Furthermore, there is only so much time available.  The increasing focus on tests and SPAG inevitably squeezes out library time, quiet reading, the shared "read aloud" class novel.  Money spent on SATS revision guides cannot be spent on books for the school library.

Yes, I wish I'd learnt more grammar - but not the way it's being taught now.  Not at the expense of so much else.  In the end I did pretty well in that test.  That's because I've always been a reader and a writer. That's what I'd like to see children doing - learning to become lifelong readers.

There is a lot more to writing and reading than knowing a "subordinating conjunction" when you see it. As a first step - go and pick up a good book instead. 

  • Emma Barnes writes funny, contemporary fiction for children - for more information see her web-page.
  • Her latest book, Wild Thing Goes Camping, is the third in her series about the naughtiest little sister ever.

Sunday, 17 April 2016

Venice in Children's Books - Emma Barnes

I've escaped!  Actually, by the time you read this I will most likely be home again and my first trip to Venice will be receding like a dream. But meanwhile, I have a chance to muse, to relax and to refill the well of inspiration (while pigging out on ice cream).

Because of the peculiar way my mind works, when I knew I was going to Venice I started thinking about which children's books were set there, and to my surprise could hardly think of any - Cornelia Funke's The Thief Lord being the main exception.  (I also remembered Diana Wynne Jones's Magicians of Caprona - but that is surely a fantasy version of Venice's near neighbour, Verona.) So I started doing some digging, and happily I've discovered there are quite a few Venetian tales.  So if you are taking children to Venice, or simply want to bury yourself in children's books that are set there, here is a selection.  I haven't read most of them, which means that I will have plenty of books on my reading list when I get home.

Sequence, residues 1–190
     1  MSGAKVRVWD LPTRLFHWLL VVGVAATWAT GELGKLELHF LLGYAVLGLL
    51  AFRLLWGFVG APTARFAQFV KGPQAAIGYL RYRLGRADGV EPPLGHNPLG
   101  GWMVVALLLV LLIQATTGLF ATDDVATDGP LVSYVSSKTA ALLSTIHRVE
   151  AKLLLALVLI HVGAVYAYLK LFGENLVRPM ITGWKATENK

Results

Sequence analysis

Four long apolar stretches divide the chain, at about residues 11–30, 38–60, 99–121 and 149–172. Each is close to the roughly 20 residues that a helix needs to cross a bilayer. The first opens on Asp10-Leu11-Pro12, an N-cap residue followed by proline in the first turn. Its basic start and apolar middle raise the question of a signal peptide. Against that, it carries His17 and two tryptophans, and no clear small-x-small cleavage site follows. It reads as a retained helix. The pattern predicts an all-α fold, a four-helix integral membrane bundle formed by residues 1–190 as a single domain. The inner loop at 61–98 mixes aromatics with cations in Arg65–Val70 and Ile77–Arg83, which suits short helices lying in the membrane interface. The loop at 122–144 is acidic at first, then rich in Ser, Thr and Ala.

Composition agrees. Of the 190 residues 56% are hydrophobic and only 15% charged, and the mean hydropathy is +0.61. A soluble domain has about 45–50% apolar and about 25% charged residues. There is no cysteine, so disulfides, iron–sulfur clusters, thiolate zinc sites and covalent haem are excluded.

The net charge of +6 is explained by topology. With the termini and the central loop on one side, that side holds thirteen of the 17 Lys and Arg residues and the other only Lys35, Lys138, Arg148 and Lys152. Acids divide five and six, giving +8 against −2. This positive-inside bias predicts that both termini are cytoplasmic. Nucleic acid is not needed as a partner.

Picture Books

Younger Fiction

Rose and the Magician's Mask by Holly Webb
The Mermaid's Sister by Holly Webb
The Waterhorse by Holly Webb
The Mystery in Venice (Geronimo Stilton, No. 48)
The Merchant of Venice (children's version) by William Shakespeare
Othello (children's version) by William Shakespeare
The Phantom of Venice (Nancy Drew Book 78) by Carolyn Keene
LionBoy: The Chase by Zizou Corder
The Mozart Question by Michael Morpurgo
Heartsong by Kevin Crossley-Holland

Young Adult

The Thief Lord by Cornelia Funke
Stravaganza - City of Masks by Mary Hoffman
Daughter of Venice by Donna Jo Napoli
For the Love of Venice by Donna Jo Napoli
Shylock's Daughter by Mirjam Pressler
The Undrowned Child by Michelle Lovric
The Fate in the Box by Michelle Lovric
Talina in the Tower by Michelle Lovric
The Mourning Emporium by Michelle Lovric
The Flowing Queen (Trilogy) by Kai Meyer
Seeking Crystal by Joss Stirling


I don't want to expand too much into adult fiction.  But Brideshead Revisited is one book that I adored as a teenager, and the romantic settings, including Venice (home of Lord Marchmain and his mistress) were a big part of the appeal.

So which are your Venetian favourites?


Emma's Website
Emma’s Facebook Fanpage
Emma on Twitter - @EmmaBarnesWrite

Emma's Wild Thing series for 8+ about the naughtiest little sister ever. (Illustrated by Jamie Littler)
"Hilarious and heart-warming" The Scotsman

 Wolfie is a story of wolves, magic and snowy woods...
(Illustrated by Emma Chichester Clark)
"Funny, clever and satisfying..." Books for Keeps

Wednesday, 17 February 2016

World Book Day 2016: It's Almost Here... by Emma Barnes